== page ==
While we’re on the subject, another good way to determine what might make dear self interesting to others…
(9) In either a novel or a memoir synopsis, is it clear what the protagonist wants and what obstacles are standing in the way of her getting it? Is it apparent what is at stake for the protagonist if she attains this goal — and if she doesn’t?
To twist these questions in a slightly different direction, does the synopsis present the book’s central conflict well?
If ordinariness tends to raise Millicent’s am-I-about-to-be-bored? sensors, the prospect of conflict usually makes her ooh-this-is-interesting antennae twirl around in circles — but nothing flattens a reader’s perception of conflict like the impression that the outcome doesn’t matter very much to the characters.
Admittedly, not every good novel features life-or-death stakes. Nevertheless, your story is going to be more memorable to someone who reads synopses for a living if the conflict appears to be vitally important to the protagonist.
Trust me on this one.
(10) In a NF synopsis that isn’t for a memoir, is it clear what the book is about? Does the subject matter come across as interesting, and does the synopsis convey why this topic might be important enough to the reader to make him/her long to read an entire book about it?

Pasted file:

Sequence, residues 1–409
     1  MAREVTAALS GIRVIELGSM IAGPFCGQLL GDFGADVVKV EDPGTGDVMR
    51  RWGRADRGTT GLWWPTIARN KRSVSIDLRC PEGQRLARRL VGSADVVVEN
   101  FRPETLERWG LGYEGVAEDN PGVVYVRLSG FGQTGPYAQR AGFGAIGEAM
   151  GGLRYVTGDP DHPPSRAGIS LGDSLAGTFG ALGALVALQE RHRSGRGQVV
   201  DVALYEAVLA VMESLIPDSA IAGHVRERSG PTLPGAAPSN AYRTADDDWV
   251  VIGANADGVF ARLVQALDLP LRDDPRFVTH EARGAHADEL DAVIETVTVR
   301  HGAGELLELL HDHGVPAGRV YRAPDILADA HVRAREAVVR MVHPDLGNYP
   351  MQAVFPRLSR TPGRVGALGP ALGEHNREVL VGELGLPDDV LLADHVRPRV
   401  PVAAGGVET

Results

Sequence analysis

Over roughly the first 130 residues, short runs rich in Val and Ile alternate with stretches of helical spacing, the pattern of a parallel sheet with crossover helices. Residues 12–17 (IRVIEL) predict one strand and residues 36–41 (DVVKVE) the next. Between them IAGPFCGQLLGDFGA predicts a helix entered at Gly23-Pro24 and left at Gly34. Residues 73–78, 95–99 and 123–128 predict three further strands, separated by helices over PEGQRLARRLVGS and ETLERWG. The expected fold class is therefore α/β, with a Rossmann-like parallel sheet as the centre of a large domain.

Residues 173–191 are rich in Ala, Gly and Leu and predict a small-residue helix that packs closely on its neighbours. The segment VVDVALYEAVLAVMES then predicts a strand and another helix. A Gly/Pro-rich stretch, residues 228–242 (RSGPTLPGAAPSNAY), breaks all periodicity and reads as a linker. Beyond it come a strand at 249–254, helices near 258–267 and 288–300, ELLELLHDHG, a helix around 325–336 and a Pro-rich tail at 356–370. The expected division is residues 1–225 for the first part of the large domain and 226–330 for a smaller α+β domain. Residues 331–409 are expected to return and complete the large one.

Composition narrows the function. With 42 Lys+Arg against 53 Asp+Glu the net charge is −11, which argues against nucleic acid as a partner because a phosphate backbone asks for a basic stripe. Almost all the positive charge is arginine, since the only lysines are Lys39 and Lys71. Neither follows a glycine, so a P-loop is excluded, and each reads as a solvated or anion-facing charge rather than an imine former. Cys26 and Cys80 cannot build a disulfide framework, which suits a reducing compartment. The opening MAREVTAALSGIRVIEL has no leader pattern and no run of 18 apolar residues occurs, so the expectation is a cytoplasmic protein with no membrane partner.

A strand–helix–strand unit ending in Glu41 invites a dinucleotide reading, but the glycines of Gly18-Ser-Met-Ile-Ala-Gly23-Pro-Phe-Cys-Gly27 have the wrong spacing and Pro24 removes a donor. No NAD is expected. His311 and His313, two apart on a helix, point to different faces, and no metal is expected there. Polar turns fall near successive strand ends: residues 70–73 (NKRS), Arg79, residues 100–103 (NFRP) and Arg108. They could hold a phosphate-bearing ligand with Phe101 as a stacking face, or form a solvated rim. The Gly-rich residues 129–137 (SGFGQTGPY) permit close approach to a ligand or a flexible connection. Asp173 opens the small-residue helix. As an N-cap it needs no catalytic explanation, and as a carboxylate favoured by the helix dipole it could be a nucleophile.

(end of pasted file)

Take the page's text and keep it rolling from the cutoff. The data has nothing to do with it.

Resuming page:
Again, this is a stakes issue: remember, however passionately you may feel about your chosen topic, Millicent, her cousin Maury the editorial assistant, and her Aunt Mehitabel will probably not already be conversant with it. It’s your job as the writer to get them jazzed about learning more.
Yes, even at the synopsis stage.
One of the more reliable methods of achieving this laudable goal is not only to present your subject matter as fascinating, but also to demonstrate precisely why your readers will find it so.
In other words, why does your subject matter, well, matter? Which leads me to…
(11) Does my synopsis make the book sound just like other books currently on the market, or does it come across as original?